Super Alpine

SwissPasses

Coming in 2022 ...

Introduction

Mountain passes come in all shapes and sizes and have been traversed by all possible means. Crossing the Alps used to be an epic struggle against nature, often with loss of life, but over the years the Alps became increasingly easier to transit thanks, in part, to conquering armies such as Napoleon’s, who brought trails, tracks and later roads.

At the heart of the Alps, Switzerland is one of the most diverse countries in Europe thanks to its formation of people from different valleys, speaking different languages with different cultures. It was a mountain pass that brought together the communities that became Switzerland. The Saint Gotthard pass was created in 1220 and the lucrative trade with the Mediterranean that came from it saw the local farmers join together to exploit this opportunity. It was in August 1291 that the first three cantons joined together and the Helvetic Confederation (still the official name of Switzerland) was formed.

Today the 26 cantons that make up Switzerland are home to over 90 road passes, 50 of which are over 1200m in elevation - this is in addition to the many trail and rail passes. Many of the higher road passes also have a rail or tunnel alternative and plenty of others feature road covers to limit disruption by snow. The higher sections of many of today's passes remain only as remnants of the past, with hostels used by ancient travellers becoming abandoned or converted into trinket shops or museums.

Many of the passes with strategic locations have hidden military installations, underground bunkers for planes and tank traps designed either to repel the Germans during the World Wars or the Russians during the cold war. Some of these installations are still in use today and others have been repurposed to such diverse activities as museums, server farms and even giant safes.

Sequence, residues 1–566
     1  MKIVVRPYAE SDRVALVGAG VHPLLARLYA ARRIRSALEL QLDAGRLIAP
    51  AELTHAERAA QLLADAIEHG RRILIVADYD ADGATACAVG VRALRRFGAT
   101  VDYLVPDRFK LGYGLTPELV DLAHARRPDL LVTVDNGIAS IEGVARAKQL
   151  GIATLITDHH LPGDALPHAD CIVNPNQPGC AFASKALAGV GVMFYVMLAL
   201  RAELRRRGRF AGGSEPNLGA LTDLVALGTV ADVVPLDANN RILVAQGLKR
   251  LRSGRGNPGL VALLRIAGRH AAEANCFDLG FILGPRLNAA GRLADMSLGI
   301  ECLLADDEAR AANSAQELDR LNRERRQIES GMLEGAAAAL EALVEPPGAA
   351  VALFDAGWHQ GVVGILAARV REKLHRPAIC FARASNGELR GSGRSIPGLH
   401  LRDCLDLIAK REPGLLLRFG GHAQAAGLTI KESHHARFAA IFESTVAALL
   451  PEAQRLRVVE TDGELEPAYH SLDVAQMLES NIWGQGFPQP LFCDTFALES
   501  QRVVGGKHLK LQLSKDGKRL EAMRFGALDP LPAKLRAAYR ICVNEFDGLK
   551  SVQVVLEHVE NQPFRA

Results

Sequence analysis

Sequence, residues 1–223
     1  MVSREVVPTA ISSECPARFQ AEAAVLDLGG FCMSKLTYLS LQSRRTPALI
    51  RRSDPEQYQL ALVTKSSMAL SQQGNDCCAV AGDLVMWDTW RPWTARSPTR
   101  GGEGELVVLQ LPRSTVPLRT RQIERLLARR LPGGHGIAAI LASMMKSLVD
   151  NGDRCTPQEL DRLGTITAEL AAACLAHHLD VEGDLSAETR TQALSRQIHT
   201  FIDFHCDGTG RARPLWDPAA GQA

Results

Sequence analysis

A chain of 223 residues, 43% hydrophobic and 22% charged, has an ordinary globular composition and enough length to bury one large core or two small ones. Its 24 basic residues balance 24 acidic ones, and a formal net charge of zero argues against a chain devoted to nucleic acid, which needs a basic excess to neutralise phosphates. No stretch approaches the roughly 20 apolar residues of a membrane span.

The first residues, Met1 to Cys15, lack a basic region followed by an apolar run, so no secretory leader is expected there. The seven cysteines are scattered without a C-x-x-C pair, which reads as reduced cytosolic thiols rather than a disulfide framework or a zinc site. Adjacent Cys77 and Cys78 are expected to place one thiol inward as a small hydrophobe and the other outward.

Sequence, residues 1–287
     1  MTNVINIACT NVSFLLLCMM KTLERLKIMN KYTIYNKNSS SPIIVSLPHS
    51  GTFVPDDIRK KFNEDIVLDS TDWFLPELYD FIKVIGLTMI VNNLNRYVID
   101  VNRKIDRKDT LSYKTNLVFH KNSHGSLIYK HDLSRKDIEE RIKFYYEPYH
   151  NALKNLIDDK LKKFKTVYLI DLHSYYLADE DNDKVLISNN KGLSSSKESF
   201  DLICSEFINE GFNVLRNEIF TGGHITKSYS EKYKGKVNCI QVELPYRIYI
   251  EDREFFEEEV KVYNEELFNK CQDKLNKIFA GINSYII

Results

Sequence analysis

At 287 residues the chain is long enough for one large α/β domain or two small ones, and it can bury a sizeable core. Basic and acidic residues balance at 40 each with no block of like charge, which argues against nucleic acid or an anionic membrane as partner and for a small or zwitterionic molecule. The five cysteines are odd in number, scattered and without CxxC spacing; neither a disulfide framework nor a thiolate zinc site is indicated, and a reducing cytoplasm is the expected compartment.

In modern-day Switzerland, some of the passes are still used for trade but increasingly they are now only used for leisure and sport. Thankfully the challenge of getting from one valley to another, and from one country to another, is an ongoing fascination for some.

To climb a peak is to make an expedition, but to cross a pass is to travel ... You leave one area behind and you enter another; you come down amongst new people and into fresh surroundings. You shut out all that was familiar yesterday and open up another world
William Conway
Swiss Passes

Swiss passes above 1500m

A list of paved mountain passes above 1500m where both ends of the pass are connected to the Swiss/Italian/French road network.

Sort by clicking the title

Pass Elevation Canton
Umbrail 2501m Graubünden / Italy
Nufenen 2478m Valais / Ticino
Grand St. Bernard 2469m Valais / Italy
Furka 2427m Valais
Flüela 2383m Graubünden
Bernina 2328m Graubünden
Albula 2315m Graubünden
Livigno 2315m Graubünden / Italy
Julier 2284m Graubünden
Susten 2224m Bern / Uri
Grimsel 2165m Valais
Fuorn 2149m Graubünden
Splügen 2117m Graubünden / Italy
Gotthard 2106m Uri / Ticino
San Bernardino 2065m Graubünden / Ticino
Moosalp 2048m Valais
Oberalp 2044m Uri / Graubünden
Simplon 2008m Valais / Italy
Grosse Scheidegg 1961m Bern
Klausen 1948m Uri / Glarus
Lukmanier 1914m Graubünden / Ticino
Maloja 1815m Graubünden / Italy
Col de la Croix 1778m Vaud
Pierre du Moëllé 1661m Vaud
Mittelberg 1633m Vaud / Bern
Wolfgang 1631m Graubünden
Glaubenbühl 1611m Lucerne / Obwalden
Gurnigel 1608m Bern
Les Agites 1569m Vaud
Pragel 1550m Schwyz / Glarus
Lenzerheide 1549m Graubünden
Schwarzenbühl 1547m Bern
Col du Pillon 1546m Vaud
Glaubenberg 1543m Lucerne / Obwalden
Col de Forclaz 1527m Valais / France
Jaun 1509m Fribourg / Bern